1968, and the timid openings were largely rolled back after oil-rich
Venezuela stepped in under President Hugo Chavez to become Cuba's
life-support system beginning in 1999.

"Fidel hated the private sector, didn't trust it, didn't like it," said
William LeoGrande, a Latin America specialist and dean of the American
University School of Public Affairs in Washington. "Raul Castro is much
more pragmatic in that regard."

Raul embraced capitalist management principals during the late 1980s,
pushing the Cuban military into self-reliance in food production and the
manufacture of parts needed for military machinery. His late wife, Vilma
Espin, who died in 2007, studied chemical engineering at the
Massachusetts Institute of Technology in the 1950s. One of his daughters
married the chief of the economic division of the Cuban armed forces.

Raul's rule has surprised, in part because his public image had been
that of a stalwart ideologue, the more rigid of the two brothers.

"The funny thing to me, when I was there we considered him the
hardliner, head of the military, head of the interior ministry, he
always did Fidel's bidding," said Vicki Huddleston, a retired U.S.
ambassador who headed the U.S. interests section in Havana from 1999 to

Pointing to Raul's role as the chief contact with the Soviet Union for
much of Cuba's contemporary history, Huddleston and colleagues thought
Fidel was more tolerant of human rights activists than Raul. That was
partly because the older Castro feared a crackdown would damage his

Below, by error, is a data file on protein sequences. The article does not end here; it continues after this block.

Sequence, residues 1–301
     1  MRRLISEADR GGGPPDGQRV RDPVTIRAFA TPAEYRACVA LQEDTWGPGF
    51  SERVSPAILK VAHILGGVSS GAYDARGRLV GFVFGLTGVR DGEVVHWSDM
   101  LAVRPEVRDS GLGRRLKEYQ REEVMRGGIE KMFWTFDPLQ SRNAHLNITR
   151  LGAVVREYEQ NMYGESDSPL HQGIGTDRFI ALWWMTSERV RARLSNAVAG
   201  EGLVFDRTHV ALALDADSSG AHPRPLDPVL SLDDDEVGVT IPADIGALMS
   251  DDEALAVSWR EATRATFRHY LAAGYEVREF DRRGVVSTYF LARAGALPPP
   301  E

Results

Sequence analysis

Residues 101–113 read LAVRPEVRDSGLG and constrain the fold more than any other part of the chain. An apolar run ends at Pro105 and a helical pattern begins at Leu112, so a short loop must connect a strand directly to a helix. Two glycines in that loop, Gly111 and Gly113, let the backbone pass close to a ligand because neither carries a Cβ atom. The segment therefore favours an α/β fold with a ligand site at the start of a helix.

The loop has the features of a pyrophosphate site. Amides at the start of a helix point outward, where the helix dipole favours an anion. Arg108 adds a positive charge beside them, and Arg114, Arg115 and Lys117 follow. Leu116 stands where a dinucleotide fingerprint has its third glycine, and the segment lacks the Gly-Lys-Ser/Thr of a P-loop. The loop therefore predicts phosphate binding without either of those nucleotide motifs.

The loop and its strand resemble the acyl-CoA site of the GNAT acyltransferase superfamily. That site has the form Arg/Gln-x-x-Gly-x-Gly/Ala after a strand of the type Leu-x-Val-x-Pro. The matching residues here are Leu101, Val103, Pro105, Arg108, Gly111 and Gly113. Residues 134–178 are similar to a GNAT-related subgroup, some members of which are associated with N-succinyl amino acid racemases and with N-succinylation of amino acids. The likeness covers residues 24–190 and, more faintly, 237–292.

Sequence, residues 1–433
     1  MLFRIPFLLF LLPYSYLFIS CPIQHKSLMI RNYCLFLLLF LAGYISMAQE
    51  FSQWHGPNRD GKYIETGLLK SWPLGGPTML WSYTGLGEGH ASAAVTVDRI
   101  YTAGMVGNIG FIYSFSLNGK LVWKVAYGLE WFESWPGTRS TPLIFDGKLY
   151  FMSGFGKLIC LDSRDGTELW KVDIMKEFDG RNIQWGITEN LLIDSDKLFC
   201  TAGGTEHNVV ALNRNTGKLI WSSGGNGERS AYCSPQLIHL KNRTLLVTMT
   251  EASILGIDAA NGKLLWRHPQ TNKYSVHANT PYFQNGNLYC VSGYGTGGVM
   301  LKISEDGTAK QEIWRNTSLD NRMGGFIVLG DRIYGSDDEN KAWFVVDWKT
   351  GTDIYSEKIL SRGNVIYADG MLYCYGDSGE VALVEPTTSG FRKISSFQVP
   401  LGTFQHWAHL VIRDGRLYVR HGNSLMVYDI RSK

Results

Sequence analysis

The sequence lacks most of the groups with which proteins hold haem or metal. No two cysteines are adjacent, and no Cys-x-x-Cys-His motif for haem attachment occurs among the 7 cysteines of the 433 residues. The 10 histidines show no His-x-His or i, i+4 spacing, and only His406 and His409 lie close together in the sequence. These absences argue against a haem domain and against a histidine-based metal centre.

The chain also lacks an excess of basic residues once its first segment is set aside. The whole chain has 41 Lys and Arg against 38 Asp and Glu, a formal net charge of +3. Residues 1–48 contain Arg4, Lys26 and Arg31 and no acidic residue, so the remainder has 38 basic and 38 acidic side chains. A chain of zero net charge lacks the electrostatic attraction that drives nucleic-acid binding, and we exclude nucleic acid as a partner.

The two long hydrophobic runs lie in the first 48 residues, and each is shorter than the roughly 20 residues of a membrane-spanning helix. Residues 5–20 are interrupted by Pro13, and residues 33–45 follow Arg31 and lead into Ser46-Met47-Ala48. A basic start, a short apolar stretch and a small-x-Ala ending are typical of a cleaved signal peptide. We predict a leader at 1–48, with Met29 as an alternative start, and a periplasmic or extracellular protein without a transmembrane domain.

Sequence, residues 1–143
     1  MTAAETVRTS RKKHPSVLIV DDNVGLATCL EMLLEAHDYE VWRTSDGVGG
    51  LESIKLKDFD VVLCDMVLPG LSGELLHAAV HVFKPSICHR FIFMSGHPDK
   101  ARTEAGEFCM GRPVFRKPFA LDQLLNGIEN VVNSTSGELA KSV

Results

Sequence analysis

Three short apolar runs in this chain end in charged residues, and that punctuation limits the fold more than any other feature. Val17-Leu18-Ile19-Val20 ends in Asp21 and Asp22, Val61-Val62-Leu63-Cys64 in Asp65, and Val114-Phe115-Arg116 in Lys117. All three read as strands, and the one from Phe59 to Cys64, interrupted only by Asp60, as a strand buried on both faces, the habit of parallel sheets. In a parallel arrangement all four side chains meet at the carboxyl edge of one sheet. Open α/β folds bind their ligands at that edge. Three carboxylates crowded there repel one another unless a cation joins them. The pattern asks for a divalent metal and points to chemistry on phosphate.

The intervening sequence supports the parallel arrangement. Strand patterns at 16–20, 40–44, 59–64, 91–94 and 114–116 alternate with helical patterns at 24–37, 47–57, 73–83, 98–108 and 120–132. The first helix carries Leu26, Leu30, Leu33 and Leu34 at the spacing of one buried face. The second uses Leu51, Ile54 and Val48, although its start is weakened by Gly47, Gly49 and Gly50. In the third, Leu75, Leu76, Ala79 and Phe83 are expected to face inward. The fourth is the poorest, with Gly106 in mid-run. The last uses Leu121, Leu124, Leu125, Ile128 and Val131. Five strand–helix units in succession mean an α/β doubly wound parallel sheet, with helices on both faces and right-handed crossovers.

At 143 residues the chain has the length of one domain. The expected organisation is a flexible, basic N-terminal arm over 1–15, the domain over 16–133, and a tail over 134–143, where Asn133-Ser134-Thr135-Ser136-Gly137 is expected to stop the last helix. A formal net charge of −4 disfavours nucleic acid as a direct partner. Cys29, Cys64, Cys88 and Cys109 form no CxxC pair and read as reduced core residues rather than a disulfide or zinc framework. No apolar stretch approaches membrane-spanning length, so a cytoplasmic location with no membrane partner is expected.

image with European and Latin American intellectuals, and Raul was on a
tight leash.

"He had the reputation in the past of being the true communist," she
said. "I was always very, very skeptical that Raul was going to be the
nice guy, to open and change Cuba. First of all, I don't think he has
enough imagination to do it."

Huddleston remains skeptical that the Castro brothers can afford to go
too far with reform. "They can't really survive if they do major
changes, so they have to do it incrementally, but you know one thing
leads to another," she said.

Yet today it is Raul pushing Cuba toward an economic opening, that if
not U.S.-style capitalism at least more closely resembles other Latin
American economies, which have varying degrees of state involvement in
the economy.

"The changes are already making a difference," said Philip J. Peters, a
Cuba analyst at the Lexington Institute, a center-right security think
tank based in suburban Washington. "It's not complete by any stretch.
He's proceeding deliberately and in the eyes of many Cubans, far too
slowly, but already there has been more than a doubling in the number of
private entrepreneurs."

Helping drive Cuba toward a Vietnam- or Burma-like economic opening is
the unexpected but real possibility that Venezuelan leader Hugo Chavez,
whose economic generosity has kept Cuba afloat since 1999, could exit
the scene through electoral defeat or death.

Chavez has been operated on twice recently for an unspecified cancer,
and in photographs he clearly looks like a man not well. Venezuela is
rife with rumor that he might not even survive until that nation's
October elections. The possibility of life without Chavez's oil money
gives greater urgency to Raul's reforms.

Obama administration officials believe that'd be a game changer.

As it stands, if Raul follows through on the promises made during
April's Sixth Congress of the Communist Party of Cuba and brings real
reform, it could be the break with the past that brings Cuba back into
modernity. It could also alter a 50-year-long, near-complete trade
embargo with Cuba first imposed by the United States in 1960 and
expanded in 1962.

"Once they go down that path, it's very difficult to roll that back,"
the senior Obama administration official said of Cuba's reform,
cautioning that while it looks promising it remains uneven and in its